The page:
Defective "Brakes"

Biologists at the Kansas State University found that a single gene called retinoblastoma (RB) is responsible for the evolution of single-celled organisms into multicellular ones, debunking previous theories that it took multiple genes to create multicellular life.

The same gene is also known to be defective in cancer patients and plays a critical role in the evolution into multicellular life. "Not only did we find a critical gene for multicellularity, it turns out to be a tumor suppressor and it is much easier to evolve multicellularity than anticipated."

Single-celled organism, paramecium. Source: Britannica


Protozoa. Britannica.


"RB plays a fundamental role in cell multiplication by regulating cell cycles just before DNA replication starts," Olson adds. "Cancer occurs when this gene is defective. In terms of cell cycle and cancer progression, think of RB like the brakes on your car. When the brakes are defective, there is no way to control how the vehicle stops."

Hundreds of Millions of Years Consistent

Eric Hanschen, a doctoral student at the University of Arizona and co-researcher, adds that multicellularity has evolved several times independently. "It is well-known that plants, animals and fungi evolved independently, but so did red, green and brown algae, volvocine algae, slime molds and bacteria; it's a process that has happened many, many times," he says. "The result we find with RB is intriguing because this pathway and this gene are shared among so many of these independent multicellular groups, which are separated by hundreds of millions of years."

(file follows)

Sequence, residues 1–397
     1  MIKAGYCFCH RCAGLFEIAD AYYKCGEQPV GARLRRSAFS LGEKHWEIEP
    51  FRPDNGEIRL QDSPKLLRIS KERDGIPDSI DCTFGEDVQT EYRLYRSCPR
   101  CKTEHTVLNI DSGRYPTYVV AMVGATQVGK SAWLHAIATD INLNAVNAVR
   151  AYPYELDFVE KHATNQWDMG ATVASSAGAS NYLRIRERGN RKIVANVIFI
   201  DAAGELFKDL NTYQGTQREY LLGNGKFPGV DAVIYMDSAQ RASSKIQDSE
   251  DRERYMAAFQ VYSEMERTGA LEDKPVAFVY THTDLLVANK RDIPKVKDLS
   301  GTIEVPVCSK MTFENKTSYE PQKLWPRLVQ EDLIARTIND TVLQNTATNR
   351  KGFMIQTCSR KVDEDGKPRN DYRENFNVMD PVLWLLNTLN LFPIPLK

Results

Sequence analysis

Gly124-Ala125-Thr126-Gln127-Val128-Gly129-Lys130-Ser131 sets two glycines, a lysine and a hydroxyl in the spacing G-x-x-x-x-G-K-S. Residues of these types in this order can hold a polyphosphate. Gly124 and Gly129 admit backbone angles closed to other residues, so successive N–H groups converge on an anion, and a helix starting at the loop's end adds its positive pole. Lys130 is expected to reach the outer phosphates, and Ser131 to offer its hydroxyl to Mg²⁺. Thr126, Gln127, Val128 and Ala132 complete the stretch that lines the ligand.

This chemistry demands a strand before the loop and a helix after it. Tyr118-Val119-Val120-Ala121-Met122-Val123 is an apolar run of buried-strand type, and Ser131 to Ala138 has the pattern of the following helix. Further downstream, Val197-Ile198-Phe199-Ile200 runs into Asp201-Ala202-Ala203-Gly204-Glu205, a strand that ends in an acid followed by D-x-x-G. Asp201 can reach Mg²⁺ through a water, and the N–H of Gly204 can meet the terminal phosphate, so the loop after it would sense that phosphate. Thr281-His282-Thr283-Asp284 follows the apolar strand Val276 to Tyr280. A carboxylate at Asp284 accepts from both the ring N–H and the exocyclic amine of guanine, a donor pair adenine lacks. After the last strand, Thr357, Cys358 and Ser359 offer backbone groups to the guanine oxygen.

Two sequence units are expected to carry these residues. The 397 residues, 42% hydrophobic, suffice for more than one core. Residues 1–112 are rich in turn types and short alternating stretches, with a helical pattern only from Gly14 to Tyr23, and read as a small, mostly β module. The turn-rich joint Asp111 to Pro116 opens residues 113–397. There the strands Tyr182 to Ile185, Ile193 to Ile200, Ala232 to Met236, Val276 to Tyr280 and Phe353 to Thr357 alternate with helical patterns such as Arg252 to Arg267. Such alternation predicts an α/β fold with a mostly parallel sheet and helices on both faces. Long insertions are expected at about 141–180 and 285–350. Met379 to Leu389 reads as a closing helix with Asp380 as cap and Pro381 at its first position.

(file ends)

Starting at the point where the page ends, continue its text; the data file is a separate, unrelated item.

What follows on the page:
The researchers compared the multi-cellular Gonium pectoral alga and its single-celled relative Chlamydomonas reinhardtii and found that the RB gene is present in both algae despite small structural cycle differences. And when they introduced the RB gene from Gonium into Chlamydomonas, the latter became multicellular.

"Gonium is representative of the first steps toward the evolution of complex multicellular organisms such as plants and animals," Olson said. "These findings have the potential to help scientists understand the origin of cancer and may contribute to future abilities to treat and detect cancer."


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